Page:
Conservation advocates continue to endorse LED incentives even though a prohibition on the sale of more energy-intensive lighting products is only about 20 months away in the United States. A new position paper from the American Council for an Energy-Efficient Economy (ACEEE) notes that halogen and incandescent bulbs still garner strong sales, and advises that utilities, state and local governments shouldn’t be too quick to step back from the longstanding focus on residential lighting as easy an cost-effective source of energy savings.
“While the growth in LED market share is promising, these LEDs are largely displacing CFLs (compact fluorescent lamps),” observes Jennifer Thorne Amann, buildings program director with the ACEEE. “The market share of halogens and conventional incandescents has held steady, hovering close to 50 per cent of sales since the end of 2014.”
As of January 1, 2020, lighting products sold in the U.S. will have to comply with a minimum energy efficiency standard of 45 lumens per watt (LPW), meaning that currently available halogen and incandescent bulbs must be removed from the market. Thorne Amann expresses confidence that legal challenges will not derail the looming implementation of the standard, but acknowledges that the sales prohibition may be difficult to enforce if some, or many, retailers attempt to surreptitiously unload non-compliant stock. The best case scenario may be somewhat optimistic.
“Rather than pre-determine the final fate of programs while the transition plays out, programs should take more of a ‘wait and see’ approach,” Thorne Amann maintains. In the interim, she sees opportunities for conservation gains through a range of targeted programs for both population segments that have been slower to adopt LEDs and early adopters of LEDs bulbs who would be open to LEDs in specialty lamps or associated lighting controls.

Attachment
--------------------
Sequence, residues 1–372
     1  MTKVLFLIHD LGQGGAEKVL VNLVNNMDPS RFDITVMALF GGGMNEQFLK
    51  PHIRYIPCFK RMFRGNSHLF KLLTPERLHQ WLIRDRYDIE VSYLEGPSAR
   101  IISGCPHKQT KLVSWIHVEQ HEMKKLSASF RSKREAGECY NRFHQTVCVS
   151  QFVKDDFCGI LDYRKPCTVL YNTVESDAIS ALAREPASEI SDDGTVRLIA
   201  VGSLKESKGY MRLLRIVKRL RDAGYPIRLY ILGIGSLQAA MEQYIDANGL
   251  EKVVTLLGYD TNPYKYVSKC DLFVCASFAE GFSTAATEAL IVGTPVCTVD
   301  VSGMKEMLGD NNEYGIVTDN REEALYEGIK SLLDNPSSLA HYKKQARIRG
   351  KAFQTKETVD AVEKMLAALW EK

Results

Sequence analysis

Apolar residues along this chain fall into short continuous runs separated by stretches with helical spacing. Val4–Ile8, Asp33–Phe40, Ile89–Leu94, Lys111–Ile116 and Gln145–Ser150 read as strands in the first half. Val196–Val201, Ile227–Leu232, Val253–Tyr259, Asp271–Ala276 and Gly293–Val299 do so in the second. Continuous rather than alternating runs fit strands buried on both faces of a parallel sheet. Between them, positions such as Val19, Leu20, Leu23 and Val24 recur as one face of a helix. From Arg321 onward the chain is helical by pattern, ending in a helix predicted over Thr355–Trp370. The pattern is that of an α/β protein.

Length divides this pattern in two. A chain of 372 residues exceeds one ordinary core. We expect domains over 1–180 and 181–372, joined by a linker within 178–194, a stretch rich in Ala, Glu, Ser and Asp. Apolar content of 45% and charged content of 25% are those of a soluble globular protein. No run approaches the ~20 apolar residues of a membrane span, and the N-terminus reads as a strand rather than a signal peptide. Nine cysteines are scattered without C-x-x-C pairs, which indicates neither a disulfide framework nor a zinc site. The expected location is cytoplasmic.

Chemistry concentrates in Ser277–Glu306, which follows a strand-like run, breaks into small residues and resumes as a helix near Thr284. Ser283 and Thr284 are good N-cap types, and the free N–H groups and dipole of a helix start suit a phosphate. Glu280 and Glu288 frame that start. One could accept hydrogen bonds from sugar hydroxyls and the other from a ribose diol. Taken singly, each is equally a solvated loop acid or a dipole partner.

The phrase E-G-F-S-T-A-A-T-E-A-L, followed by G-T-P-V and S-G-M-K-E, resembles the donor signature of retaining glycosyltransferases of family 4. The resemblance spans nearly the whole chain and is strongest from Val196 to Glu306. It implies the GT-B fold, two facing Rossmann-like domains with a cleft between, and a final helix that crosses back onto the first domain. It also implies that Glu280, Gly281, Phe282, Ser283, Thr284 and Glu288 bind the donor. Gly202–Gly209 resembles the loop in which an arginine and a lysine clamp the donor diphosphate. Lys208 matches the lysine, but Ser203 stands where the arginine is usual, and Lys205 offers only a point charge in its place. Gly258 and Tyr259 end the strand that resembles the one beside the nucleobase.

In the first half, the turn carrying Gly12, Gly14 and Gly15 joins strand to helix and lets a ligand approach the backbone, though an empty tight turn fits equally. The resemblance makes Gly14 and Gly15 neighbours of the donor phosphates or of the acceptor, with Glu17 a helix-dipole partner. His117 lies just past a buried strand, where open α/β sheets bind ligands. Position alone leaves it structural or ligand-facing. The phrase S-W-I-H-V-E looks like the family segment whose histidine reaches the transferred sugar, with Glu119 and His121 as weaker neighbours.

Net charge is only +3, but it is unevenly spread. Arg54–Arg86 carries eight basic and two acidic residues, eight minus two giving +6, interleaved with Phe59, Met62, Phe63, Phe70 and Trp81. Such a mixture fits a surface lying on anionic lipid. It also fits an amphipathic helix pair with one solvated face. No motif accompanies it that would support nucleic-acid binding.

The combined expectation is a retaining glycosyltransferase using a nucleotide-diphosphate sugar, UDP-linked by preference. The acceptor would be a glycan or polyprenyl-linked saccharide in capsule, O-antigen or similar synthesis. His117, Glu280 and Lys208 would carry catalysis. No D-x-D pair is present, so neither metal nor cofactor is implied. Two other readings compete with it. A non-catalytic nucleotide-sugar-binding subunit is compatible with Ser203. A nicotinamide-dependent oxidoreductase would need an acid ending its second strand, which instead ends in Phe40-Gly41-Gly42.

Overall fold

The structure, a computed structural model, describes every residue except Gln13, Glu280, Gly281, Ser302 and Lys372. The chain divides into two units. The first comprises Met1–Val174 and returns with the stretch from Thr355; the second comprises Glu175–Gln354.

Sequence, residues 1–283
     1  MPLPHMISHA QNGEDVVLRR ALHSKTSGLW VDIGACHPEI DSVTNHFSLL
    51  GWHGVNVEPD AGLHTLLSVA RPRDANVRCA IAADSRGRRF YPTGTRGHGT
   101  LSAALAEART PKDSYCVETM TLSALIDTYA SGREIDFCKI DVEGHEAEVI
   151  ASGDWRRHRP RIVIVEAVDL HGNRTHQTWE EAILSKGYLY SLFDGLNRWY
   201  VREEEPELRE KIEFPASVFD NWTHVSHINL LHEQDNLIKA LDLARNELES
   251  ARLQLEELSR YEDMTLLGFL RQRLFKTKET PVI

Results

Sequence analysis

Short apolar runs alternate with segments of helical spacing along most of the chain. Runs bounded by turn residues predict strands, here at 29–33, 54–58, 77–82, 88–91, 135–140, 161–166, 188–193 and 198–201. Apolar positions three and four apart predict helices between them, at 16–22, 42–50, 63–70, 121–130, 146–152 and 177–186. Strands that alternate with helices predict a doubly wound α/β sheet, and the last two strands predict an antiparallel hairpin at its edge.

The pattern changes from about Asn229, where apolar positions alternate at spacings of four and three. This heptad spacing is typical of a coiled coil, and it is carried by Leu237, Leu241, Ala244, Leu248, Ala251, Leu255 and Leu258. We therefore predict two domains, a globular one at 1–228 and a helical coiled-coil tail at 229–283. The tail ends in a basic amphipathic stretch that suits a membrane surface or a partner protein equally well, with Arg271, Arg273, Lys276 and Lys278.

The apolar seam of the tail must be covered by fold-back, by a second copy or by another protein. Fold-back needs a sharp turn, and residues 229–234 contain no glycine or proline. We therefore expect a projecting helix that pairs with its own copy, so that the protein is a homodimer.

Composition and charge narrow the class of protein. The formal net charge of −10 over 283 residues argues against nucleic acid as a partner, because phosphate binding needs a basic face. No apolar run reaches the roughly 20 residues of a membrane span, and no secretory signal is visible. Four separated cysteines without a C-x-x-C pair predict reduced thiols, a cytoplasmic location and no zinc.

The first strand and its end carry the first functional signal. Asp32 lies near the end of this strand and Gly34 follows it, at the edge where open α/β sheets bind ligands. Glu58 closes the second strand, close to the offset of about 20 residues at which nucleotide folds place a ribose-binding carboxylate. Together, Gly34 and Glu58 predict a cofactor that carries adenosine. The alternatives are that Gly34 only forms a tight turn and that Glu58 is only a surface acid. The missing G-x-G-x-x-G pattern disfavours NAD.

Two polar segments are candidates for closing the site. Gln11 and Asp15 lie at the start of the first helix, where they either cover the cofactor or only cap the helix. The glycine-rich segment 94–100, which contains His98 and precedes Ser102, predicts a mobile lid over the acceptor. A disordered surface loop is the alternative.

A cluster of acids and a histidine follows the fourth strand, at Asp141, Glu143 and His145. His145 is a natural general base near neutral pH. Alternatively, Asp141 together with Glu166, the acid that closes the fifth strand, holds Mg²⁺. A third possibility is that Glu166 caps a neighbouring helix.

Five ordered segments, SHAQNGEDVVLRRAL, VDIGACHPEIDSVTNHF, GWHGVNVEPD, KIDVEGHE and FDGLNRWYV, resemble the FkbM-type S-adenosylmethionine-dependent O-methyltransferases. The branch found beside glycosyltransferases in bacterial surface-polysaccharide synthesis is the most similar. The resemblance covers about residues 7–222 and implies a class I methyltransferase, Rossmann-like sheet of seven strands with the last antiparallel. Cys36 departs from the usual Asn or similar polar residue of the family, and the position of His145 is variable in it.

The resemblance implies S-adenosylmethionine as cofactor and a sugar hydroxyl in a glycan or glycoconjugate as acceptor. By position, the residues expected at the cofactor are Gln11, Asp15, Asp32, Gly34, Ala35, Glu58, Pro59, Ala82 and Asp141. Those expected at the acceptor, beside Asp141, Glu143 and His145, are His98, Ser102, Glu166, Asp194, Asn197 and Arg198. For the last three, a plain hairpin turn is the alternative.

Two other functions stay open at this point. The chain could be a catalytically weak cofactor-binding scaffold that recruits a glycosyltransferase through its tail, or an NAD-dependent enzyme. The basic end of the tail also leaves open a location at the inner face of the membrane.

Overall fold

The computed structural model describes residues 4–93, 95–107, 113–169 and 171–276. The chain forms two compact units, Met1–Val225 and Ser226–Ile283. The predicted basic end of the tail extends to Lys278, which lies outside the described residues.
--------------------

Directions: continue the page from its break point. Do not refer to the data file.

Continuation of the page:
Environmental Protection Agency (EPA) data for 2015-16 shows LEDs have achieved varying market penetration from state to state — garnering upwards of 40 per cent of market share in California, Oregon and Washington, but less than 20 per cent in many more states. She also points to studies showing a drop in LED sales when incentive programs were scaled back in New York and Massachusetts.
“As the market shift to LED progresses throughout the country, it is likely that residential lighting programs will no longer be cost-effective beyond 2021,” Thorne Amann projects. “The residential lighting market will have transformed from an incumbent technology, largely unchanged for more than 100 years, to an entirely new technology with unprecedented speed — a major energy efficiency success story.”